The district court denied his motion after holding an evidentiary hearing. We
affirm because Acosta’s petition was not timely.
Appellant did not file it within one year of the date of his conviction. 28
U.S.C. § 2255(f)(1). Nor did Appellant learn of any new facts that he could not
have discovered through the exercise of due diligence; he merely learned of the
legal significance of the alleged facts that existed at the time of his conviction. See
id. § 2255(f)(4); Hasan v. Galaza, 254 F.3d 1150, 1154 n.3 (9th Cir. 2001).
Furthermore, Appellant is not entitled to equitable tolling because he did not
diligently pursue his claim and also because, given his ability to pay for translation
assistance, he cannot show that “extraordinary circumstances” prevented him from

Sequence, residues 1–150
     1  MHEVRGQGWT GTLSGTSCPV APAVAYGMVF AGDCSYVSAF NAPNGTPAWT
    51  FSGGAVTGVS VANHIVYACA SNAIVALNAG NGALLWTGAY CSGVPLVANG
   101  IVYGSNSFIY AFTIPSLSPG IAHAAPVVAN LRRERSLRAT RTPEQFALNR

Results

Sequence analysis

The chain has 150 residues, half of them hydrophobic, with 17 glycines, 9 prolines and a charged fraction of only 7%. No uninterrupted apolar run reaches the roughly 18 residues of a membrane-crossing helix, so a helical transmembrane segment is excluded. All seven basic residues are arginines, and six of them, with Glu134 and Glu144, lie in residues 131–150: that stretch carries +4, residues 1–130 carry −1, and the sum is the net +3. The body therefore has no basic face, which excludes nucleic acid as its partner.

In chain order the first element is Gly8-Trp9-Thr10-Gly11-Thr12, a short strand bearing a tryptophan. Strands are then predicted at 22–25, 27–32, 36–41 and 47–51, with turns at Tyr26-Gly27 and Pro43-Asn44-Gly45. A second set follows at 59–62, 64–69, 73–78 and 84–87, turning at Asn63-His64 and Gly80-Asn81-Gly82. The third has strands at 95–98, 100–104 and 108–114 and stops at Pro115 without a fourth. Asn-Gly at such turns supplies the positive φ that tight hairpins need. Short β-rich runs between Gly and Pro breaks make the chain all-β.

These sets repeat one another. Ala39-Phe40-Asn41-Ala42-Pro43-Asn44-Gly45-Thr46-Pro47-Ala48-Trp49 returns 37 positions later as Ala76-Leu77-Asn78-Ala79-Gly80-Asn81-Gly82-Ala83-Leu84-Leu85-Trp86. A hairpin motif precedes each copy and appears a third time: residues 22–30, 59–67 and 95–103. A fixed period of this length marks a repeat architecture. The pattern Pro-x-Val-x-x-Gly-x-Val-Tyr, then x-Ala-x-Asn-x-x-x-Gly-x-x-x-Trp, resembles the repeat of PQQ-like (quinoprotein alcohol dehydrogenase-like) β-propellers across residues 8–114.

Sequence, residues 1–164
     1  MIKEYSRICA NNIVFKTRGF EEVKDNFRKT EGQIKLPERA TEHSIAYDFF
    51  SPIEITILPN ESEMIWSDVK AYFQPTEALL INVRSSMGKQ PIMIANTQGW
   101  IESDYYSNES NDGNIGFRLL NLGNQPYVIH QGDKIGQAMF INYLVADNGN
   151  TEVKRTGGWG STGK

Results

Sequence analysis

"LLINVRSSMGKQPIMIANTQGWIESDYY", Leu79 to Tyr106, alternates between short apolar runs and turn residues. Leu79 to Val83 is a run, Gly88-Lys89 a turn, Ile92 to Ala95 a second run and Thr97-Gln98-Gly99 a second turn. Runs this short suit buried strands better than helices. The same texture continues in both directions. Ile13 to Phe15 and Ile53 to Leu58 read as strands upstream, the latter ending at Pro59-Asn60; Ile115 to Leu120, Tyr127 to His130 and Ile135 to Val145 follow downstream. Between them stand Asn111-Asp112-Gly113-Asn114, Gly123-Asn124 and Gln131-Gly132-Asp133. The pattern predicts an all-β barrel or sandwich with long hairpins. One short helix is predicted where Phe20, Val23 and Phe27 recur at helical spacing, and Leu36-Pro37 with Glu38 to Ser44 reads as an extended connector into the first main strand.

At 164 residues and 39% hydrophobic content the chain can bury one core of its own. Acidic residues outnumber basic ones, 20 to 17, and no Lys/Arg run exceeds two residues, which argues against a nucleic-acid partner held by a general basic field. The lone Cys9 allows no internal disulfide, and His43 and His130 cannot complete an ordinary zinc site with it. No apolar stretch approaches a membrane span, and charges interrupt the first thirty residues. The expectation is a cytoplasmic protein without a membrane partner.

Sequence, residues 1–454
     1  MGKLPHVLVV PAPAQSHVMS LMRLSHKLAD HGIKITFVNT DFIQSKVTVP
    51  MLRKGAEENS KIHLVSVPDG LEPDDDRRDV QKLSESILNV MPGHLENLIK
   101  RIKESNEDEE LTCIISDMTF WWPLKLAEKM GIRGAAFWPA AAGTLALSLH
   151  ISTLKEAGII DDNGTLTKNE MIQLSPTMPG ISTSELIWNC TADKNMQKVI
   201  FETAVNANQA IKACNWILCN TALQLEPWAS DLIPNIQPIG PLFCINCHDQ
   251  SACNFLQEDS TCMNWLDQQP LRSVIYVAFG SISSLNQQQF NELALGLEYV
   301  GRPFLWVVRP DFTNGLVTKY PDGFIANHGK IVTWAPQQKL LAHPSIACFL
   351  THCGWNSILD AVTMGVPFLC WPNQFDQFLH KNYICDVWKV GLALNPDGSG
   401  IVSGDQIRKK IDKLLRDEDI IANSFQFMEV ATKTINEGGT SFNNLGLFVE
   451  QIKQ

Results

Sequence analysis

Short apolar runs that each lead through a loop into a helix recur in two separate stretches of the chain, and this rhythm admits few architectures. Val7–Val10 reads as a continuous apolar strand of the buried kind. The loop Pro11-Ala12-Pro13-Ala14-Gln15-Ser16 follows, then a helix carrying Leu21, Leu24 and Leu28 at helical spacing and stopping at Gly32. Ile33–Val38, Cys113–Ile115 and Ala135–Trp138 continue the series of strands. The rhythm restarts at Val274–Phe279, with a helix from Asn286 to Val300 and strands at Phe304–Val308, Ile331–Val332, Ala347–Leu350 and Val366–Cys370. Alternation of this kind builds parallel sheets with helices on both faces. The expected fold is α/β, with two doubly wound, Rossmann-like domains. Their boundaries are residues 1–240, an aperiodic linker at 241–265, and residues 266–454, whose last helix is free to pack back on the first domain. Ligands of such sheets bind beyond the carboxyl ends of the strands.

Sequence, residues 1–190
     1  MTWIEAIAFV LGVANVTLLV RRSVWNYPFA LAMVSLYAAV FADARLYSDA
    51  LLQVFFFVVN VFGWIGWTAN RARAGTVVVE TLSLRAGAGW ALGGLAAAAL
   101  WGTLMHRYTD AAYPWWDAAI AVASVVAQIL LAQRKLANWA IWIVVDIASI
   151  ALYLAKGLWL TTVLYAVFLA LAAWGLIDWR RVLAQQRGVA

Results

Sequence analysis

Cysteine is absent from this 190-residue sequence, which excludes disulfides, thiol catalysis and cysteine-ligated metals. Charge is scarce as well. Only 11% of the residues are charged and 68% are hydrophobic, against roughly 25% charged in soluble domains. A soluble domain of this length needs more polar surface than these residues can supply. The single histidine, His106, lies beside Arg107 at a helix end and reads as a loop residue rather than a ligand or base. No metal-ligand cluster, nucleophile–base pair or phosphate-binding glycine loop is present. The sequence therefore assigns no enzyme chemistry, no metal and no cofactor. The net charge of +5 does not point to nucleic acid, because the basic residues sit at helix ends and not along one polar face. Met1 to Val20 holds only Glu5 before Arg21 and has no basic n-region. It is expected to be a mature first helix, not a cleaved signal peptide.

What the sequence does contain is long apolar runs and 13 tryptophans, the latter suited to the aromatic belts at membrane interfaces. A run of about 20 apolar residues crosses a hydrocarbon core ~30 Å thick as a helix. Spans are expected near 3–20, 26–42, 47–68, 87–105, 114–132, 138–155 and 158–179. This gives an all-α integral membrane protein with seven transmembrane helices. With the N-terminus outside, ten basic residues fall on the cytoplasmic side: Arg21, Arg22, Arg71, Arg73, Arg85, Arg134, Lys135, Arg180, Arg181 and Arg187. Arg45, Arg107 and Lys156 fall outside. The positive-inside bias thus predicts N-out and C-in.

filing his claim. See United States v. Aguirre-Ganceda, 592 F.3d 1043, 1045-46
(9th Cir.), cert. denied, 130 S. Ct. 3444 (2010); Mendoza v. Carey, 449 F.3d 1065,
1070 & n.5 (9th Cir. 2006).
Even if we were to reach Acosta’s ineffective assistance of counsel claim,
that claim would fail. Appellant cannot show that “(1) counsel’s representation fell
below the range of competence demanded of attorneys in criminal cases, and (2)
there is a reasonable probability that, but for counsel’s errors, he would not have
pleaded guilty and would have insisted on going to trial.” Washington v. Lampert,
422 F.3d 864, 873 (9th Cir. 2005) (internal quotations omitted); see also Padilla v.